Did You Know
North Korea says it is facing its worst drought in a century, sparking fears of worsening food shortages.
State news agency KCNA said main rice-growing provinces had been badly affected and more than 30% of rice paddies were "parching up".
Hundreds of thousands of North Koreans are believed to have died during a widespread famine in the 1990s.
This drought is unlikely to be as deadly because of recent agricultural reforms, correspondents say.
The United Nations World Food Programme says North Korea regularly faces significant food shortages and currently about a third of children in the country are malnourished.
Some rainfall was reported on Wednesday but this is not unusual for a country that often veers between droughts and severe floods, according to BBC Weather's Phil Avery.
Any rainfall now will not make up for the dry weather in the last few months, a period crucial for the country's agrarian economy, and which has already severely hampered preparation for the wheat and rice crops.
The Mei-Yu weather front, which normally moves up from China later on in the summer, may provide more rain - but there is no guarantee that will happen or that it will not cause floods, as it has done in the past.
Analysis by Stephen Evans, Korea correspondent SeoulIt is unusual for North Korea to talk openly of its shortages so the very appearance of the report in state media is significant. It indicates the situation is serious, and it may well indicate that North Korea wants outside help. The report of drought coincides with the release of two South Korean prisoners from North Korean custody, and that may underline the desire of the North to elicit sympathy and more tangible aid.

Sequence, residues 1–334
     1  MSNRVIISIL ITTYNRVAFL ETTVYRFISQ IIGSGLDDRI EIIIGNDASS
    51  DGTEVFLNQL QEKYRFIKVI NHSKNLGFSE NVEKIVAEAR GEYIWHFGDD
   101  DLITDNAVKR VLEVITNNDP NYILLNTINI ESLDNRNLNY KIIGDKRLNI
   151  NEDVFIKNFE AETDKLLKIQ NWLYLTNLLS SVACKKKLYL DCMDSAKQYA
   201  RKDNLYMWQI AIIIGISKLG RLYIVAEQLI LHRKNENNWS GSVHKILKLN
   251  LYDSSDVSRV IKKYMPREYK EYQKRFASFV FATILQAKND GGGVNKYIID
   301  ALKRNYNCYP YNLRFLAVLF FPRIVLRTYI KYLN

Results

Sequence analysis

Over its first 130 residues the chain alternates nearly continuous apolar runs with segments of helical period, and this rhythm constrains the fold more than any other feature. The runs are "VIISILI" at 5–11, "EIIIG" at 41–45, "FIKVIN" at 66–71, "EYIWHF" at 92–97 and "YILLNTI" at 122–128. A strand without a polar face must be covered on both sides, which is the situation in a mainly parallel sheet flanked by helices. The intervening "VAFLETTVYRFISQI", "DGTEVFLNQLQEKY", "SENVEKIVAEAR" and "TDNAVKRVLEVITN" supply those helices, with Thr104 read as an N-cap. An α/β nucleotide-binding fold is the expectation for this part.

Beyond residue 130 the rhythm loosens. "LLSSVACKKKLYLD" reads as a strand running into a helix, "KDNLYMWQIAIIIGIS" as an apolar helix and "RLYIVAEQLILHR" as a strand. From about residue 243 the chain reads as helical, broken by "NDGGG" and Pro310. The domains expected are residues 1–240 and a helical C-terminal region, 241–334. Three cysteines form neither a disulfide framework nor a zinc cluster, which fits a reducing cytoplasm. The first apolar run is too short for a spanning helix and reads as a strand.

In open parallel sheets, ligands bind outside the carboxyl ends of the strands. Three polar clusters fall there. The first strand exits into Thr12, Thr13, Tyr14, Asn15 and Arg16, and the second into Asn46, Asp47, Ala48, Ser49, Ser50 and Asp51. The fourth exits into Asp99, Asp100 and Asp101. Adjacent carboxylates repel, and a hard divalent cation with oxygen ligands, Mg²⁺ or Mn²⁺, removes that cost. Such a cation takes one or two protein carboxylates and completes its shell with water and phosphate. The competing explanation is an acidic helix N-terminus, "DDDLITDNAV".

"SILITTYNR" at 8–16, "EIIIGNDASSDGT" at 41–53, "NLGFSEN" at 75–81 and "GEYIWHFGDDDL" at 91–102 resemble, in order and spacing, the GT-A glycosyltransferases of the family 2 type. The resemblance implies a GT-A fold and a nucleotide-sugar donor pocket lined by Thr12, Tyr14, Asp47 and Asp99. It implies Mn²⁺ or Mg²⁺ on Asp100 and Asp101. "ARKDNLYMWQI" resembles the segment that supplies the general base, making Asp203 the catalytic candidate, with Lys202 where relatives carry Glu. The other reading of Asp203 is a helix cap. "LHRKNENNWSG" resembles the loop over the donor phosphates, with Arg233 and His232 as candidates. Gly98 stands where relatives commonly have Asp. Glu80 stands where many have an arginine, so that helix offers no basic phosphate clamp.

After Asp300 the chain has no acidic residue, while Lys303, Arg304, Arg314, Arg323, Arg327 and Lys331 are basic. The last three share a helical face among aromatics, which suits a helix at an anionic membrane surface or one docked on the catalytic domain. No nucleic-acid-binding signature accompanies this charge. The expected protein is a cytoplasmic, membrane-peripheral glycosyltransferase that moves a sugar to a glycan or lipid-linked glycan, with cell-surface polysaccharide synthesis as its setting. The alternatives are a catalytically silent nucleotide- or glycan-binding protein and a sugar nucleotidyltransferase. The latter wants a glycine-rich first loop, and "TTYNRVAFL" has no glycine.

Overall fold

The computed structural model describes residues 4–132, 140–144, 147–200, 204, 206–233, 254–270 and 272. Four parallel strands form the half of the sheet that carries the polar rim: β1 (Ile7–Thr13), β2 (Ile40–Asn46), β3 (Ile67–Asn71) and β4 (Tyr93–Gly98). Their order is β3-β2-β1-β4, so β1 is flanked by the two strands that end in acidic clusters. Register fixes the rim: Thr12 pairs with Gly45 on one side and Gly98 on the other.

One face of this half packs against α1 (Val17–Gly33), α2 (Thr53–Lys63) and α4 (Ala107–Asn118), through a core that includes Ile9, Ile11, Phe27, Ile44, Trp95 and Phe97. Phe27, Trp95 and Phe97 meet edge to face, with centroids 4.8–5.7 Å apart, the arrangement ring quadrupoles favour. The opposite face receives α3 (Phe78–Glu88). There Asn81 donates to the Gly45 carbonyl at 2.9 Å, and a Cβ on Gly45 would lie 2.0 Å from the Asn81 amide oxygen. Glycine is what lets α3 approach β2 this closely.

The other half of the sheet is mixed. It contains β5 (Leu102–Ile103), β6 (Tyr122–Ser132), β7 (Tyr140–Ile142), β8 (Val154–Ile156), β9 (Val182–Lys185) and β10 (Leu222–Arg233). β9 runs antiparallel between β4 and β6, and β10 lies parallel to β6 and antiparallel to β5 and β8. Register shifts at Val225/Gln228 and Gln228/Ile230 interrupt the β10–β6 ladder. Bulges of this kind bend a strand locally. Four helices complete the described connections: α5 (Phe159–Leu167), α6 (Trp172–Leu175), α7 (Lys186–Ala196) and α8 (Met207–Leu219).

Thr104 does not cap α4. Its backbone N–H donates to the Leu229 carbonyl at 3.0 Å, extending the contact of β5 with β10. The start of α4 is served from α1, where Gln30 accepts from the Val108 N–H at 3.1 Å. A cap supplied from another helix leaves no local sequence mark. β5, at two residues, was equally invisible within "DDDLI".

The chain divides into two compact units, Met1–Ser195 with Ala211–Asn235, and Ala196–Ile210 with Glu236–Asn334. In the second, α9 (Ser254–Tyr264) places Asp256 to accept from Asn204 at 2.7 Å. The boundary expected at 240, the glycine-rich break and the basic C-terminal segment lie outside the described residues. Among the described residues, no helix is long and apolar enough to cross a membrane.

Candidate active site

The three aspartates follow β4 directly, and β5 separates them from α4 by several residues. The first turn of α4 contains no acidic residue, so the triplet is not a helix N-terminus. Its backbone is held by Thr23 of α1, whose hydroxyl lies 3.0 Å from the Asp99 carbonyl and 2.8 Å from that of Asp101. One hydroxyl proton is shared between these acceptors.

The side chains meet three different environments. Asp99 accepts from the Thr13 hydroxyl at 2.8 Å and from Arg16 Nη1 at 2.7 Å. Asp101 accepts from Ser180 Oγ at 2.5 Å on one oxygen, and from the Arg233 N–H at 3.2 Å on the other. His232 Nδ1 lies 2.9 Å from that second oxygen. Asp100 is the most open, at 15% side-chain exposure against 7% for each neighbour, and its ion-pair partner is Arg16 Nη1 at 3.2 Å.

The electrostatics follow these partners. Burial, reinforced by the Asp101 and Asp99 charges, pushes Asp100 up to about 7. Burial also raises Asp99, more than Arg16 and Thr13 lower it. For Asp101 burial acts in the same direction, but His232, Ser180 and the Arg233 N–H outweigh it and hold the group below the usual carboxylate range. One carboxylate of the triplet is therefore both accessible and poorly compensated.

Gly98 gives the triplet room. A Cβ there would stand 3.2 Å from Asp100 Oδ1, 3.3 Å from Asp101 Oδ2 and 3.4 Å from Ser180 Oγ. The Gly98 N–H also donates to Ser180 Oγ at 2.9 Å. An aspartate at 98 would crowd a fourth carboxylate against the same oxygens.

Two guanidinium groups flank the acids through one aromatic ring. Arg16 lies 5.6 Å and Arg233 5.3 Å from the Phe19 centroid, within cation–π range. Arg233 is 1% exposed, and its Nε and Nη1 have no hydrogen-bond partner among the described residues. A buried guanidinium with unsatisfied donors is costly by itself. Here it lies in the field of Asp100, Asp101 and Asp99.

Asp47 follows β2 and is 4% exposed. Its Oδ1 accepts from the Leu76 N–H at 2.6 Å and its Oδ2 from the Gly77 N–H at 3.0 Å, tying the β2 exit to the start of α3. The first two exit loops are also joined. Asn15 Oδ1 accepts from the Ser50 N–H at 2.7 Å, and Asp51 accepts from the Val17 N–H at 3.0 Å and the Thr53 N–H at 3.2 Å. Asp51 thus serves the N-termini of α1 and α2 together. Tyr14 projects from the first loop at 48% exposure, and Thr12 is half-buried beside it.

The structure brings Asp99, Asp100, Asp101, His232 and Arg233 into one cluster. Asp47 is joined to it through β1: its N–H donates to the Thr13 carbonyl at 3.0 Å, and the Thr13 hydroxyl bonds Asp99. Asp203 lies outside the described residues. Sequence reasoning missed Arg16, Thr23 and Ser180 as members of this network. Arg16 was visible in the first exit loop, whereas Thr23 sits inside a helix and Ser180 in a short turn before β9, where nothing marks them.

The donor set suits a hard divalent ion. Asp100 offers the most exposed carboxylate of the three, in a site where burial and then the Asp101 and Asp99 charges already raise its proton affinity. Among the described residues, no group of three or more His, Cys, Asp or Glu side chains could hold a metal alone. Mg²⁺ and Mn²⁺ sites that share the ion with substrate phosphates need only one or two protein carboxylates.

Polls in South Korea indicate conflicting views - most people support aid to the North but some also question why South Korea should help a country developing nuclear weapons targeted at the very donors of aid. In the last 10 years, the willingness of other countries to aid North Korea has diminished greatly as Pyongyang has developed nuclear weapons. Spending by UN agencies there has fallen from $300m a year in 2004 to the current $50m.
North Korea suffered serious famine in the 1990s. Since then, farmers have been given greater freedom to sell on the market and output has risen. However, no water for rice today means no rice for bowls tomorrow.
North Korea country profile
Spring crop damageKCNA said rice planting had finished in more than 441,560 hectares of paddy fields "but at least 136,200 hectares of them are parching up".
It said paddy fields in South Hwanghae and North Hwanghae provinces were particularly badly hit, with up to 80% of rice seedlings drying up in some areas.
It said South Phyongan and South Hamgyong were also "badly affected".
"Water levels of reservoirs stand at their lowest, while rivers and streams [are] getting dry," the news agency said.
It added that it was planting other crops in rice paddy fields of drought-stricken areas to "reduce damage".
Denmark's ambassador to North and South Korea, Thomas Lehman, told Reuters that he had visited drought-hit areas in the North in May.
"The lack of water has created a lot of damage to the so-called spring crop, and the rice planting is extremely difficult without sufficient water," he said.
Last year the country saw its lowest rainfall in 30 years.
North Korea's troubles
Other countries, including South Korea, regularly send aid to the North. In April the UN called for $111m (£71m) to fund humanitarian activities in food, nutrition, agriculture and sanitation.
North Korea is heavily sanctioned under UN resolutions for its nuclear and missile tests dating back to 2006.